Dart: Asteroid deflection experiment boosted by debris
The Nasa probe that struck an asteroid in September to try to deflect its path had a bigger effect because of all the debris it kicked out.
The Dart mission slammed into egg-shaped Dimorphos to demonstrate how hazardous rocks posing a threat to the Earth could be moved out of the way.
It was very successful, but even more so because the impact dug up a million kilograms of surface material.
When this shot out into space it boosted the momentum exchange.
Scientists working on the project have even been able to put a value on the effectiveness, a quantity they call “beta”. It’s 3.6.
In other words, the momentum Dart transferred to Dimorphos was 3.6 times greater than if the half-tonne spacecraft had simply been absorbed by the asteroid and produced no ejecta at all.
mission scientist Dr Andy Cheng from the Johns Hopkins University Applied Physics Lab (JHU-APL).
“The result of that recoil force is that you put more momentum into the target, and you end up with a bigger deflection.
“If you’re trying to save the Earth, this makes a big difference,” he told reporters, as it would either increase the time available to mount a defence or reduce the size of the needed projectile.
The Double Asteroid Redirection Test (Dart) was a controlled experiment that took place some 11 million km (7 million miles) from Earth.
It saw the refrigerator-sized Nasa satellite drive straight into 160m-wide (525ft) Dimorphos at 22,000km/h (14,000mph), destroying itself in the process.
The space rock orbits a much larger (780m wide; 2,550ft) object called Didymos. Before impact, the time taken for Dimorphos to make one circuit of its sibling was 11 hours and 55 minutes.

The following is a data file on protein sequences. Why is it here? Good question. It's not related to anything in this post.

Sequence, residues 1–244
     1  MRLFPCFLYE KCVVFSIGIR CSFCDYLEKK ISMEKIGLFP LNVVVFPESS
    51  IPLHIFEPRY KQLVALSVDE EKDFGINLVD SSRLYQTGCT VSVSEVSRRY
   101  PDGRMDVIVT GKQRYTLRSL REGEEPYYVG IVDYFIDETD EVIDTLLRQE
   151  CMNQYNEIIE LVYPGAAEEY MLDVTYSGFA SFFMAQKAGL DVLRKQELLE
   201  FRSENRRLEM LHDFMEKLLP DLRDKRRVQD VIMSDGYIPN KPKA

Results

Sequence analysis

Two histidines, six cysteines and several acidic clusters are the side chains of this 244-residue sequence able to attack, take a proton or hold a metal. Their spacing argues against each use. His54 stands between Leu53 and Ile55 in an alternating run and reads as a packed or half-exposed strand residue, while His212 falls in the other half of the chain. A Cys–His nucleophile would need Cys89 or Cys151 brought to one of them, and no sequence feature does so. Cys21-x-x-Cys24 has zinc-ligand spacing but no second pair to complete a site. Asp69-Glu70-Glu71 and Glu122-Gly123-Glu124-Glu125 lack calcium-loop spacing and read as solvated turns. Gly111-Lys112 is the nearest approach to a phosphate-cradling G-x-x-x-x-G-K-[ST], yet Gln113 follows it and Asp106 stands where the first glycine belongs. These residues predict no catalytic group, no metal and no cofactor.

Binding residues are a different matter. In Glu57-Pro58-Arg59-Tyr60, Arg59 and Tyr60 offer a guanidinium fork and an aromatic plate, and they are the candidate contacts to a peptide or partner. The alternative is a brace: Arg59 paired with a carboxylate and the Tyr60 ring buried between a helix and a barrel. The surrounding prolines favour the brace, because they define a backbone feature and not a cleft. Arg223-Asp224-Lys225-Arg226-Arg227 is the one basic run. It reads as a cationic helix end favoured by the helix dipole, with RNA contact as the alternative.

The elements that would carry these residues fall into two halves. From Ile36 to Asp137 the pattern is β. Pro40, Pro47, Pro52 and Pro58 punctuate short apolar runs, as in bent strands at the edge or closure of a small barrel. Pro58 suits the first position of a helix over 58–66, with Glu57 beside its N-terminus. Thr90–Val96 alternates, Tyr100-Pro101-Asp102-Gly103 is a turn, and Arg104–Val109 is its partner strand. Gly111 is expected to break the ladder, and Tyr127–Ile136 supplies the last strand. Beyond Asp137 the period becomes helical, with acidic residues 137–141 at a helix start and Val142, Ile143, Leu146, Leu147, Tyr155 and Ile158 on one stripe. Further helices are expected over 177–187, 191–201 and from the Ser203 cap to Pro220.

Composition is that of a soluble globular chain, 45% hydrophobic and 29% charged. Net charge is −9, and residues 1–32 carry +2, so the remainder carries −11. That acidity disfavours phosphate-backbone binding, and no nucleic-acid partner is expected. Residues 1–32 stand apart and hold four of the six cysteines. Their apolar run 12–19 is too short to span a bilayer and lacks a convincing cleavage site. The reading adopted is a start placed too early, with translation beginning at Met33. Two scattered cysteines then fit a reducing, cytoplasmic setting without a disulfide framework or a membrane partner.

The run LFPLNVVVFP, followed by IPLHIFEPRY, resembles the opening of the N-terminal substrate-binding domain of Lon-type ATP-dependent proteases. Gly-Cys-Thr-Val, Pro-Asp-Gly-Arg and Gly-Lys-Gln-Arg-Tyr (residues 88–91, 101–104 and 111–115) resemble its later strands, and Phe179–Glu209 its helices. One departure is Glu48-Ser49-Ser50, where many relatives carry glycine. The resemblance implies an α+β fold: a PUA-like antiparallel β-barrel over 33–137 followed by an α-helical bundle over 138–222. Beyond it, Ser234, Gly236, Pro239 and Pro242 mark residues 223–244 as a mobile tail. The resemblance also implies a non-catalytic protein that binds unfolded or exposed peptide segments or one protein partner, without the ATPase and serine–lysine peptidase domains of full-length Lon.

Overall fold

The subsequent telescope observations indicated this orbital period was reduced to 11 hours and 23 minutes – a change of 32 minutes.
“We got a lot of bang for the buck,” Dr Andy Rivkin, the Dart investigation team lead, also from JHU-APL, told BBC News.
To give context to the million kilograms of ejected material, he likened it to “six of seven railway cars of gravel”.
“The studies are still ongoing, it may be that this number is a minimum; it could be twice that, it could even be as much as 10 times that according to some estimates.”
In the overall scheme of things, 10 million kilograms would still be a fraction of the overall mass of Dimorphos which could be near five billion kilograms.
Nonetheless, the impact made a pretty mess and telescopes continue to monitor the debris as it trails away from the asteroid for tens of thousands of kilometres.
Studying the light signatures of the Didymos-Dimorphos system both pre- and post-impact has revealed much about the properties of the two asteroids.
They’re very similar to a kind of meteorite that often falls to Earth called an ordinary chondrite, said Dr Cristina Thomas from Northern Arizona University.
US President Joe Biden this week described Dart as one of the US space agency’s three great successes of 2022 – the other two being the recent Artemis-1 Moon mission and the first pictures from the new super space telescope James Webb.
Dr Tom Statler, Nasa’s Dart programme scientist, agreed.
“Dart has been a tremendous success. Of course, one successful mission doesn’t guarantee that Earth is automatically safe from anything that might come our way. But Dart is truly a giant step toward our goal of making asteroid impacts on Earth preventable, and not inevitable.”
The Dart team has been delivering its first major tranche of scientific results to the American Geophysical Union Fall Meeting in Chicago.